Wednesday, March 5, 2014

Lydia Maria Child: Conscience for Her Generation

The following is an excerpt from a work-in-progress called A Brief History of American Literature.

Lydia Maria Child (1802-1880) was a relentless voice of conscience for readers in 19th century America.  In 1825, she wrote the novel Hobomok, which dealt sympathetically with interracial marriage between a Native American man and a white woman.   In 1833, she was an early voice of the Abolitionist movement, and published the book An Appeal in Favor of That Class of Americans Called Africans.  She edited the abolitionist publication National Anti-Slavery Standard.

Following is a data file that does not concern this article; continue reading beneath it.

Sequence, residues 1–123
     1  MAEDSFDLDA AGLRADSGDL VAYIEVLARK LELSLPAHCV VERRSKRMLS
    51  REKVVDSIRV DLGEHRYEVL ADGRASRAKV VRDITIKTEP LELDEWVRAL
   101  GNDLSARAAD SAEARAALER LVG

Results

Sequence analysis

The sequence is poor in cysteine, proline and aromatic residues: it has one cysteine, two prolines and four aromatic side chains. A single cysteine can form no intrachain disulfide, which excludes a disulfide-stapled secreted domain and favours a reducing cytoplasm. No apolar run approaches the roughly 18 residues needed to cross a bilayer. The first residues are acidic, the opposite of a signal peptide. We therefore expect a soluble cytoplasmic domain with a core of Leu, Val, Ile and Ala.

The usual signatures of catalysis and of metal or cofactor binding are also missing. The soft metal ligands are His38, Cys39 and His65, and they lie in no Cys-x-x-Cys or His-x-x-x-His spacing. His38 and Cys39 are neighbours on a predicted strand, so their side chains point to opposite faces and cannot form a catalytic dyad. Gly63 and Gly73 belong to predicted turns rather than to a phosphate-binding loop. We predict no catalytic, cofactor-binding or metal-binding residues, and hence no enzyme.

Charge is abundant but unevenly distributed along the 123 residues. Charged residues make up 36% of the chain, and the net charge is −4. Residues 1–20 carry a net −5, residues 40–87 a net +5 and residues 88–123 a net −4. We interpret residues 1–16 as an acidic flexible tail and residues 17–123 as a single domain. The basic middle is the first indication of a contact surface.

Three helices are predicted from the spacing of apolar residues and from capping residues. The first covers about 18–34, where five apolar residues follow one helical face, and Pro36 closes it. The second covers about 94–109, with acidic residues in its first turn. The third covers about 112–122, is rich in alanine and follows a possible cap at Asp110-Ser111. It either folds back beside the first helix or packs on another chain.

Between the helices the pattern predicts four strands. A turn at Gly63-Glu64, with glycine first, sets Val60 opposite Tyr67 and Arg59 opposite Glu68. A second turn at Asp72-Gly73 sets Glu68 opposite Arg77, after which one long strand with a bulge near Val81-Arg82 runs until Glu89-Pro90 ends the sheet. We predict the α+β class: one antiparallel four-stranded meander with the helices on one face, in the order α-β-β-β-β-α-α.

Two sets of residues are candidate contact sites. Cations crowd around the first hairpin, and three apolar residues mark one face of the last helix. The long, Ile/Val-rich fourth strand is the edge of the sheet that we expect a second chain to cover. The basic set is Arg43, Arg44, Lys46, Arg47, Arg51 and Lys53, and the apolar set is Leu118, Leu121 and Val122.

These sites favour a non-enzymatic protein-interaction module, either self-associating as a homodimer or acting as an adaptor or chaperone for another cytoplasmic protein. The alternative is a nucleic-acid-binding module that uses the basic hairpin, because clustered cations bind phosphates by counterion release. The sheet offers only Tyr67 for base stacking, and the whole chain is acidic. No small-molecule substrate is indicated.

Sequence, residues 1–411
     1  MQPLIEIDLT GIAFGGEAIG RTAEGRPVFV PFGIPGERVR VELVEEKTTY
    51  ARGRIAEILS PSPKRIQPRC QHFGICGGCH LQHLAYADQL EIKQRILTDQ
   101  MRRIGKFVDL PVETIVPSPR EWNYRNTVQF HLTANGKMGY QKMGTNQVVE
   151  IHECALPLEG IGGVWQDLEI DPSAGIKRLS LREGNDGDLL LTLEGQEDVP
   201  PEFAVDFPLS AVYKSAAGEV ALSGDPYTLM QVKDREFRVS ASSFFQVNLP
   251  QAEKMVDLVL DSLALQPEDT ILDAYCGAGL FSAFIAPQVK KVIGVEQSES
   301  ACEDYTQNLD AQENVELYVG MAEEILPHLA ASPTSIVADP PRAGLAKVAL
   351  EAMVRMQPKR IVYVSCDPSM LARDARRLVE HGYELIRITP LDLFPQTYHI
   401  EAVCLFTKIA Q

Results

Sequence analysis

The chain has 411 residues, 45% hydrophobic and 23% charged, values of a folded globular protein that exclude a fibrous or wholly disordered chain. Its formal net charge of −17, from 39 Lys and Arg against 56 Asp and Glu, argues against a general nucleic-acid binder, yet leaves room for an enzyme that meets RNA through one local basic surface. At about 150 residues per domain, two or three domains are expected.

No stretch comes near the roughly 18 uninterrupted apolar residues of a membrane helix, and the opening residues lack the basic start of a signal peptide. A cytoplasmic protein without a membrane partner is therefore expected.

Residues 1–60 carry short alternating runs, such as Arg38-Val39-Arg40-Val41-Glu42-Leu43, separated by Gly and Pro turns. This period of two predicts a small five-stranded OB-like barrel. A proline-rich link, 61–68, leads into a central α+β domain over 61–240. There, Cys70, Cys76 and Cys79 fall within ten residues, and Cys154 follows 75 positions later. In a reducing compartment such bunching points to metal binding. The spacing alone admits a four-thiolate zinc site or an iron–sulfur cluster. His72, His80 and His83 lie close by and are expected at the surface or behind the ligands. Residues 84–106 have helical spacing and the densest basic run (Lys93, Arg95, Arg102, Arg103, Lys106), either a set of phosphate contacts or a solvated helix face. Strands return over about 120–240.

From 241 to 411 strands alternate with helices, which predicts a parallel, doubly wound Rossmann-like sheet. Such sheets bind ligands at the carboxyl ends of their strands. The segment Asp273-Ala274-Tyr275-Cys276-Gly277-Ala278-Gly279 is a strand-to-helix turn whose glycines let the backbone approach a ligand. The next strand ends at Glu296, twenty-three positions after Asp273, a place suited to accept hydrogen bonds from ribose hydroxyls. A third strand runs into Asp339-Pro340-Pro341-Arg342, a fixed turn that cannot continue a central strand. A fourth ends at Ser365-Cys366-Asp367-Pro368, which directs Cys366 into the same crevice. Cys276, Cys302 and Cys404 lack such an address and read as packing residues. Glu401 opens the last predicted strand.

She was also concerned with the poor and homeless, and her Letters From New York dealt with issues of urban poverty.  She was an early advocate for women's rights, and published an early feminist text, History of the Condition of Women (1835).  She also wrote her own copiously-researched history of religion, entitled The Progress of Religions Ideas.  Child, like many progressive writers of the 19th century, was Unitarian.  

Lydia Maria Child in 1870

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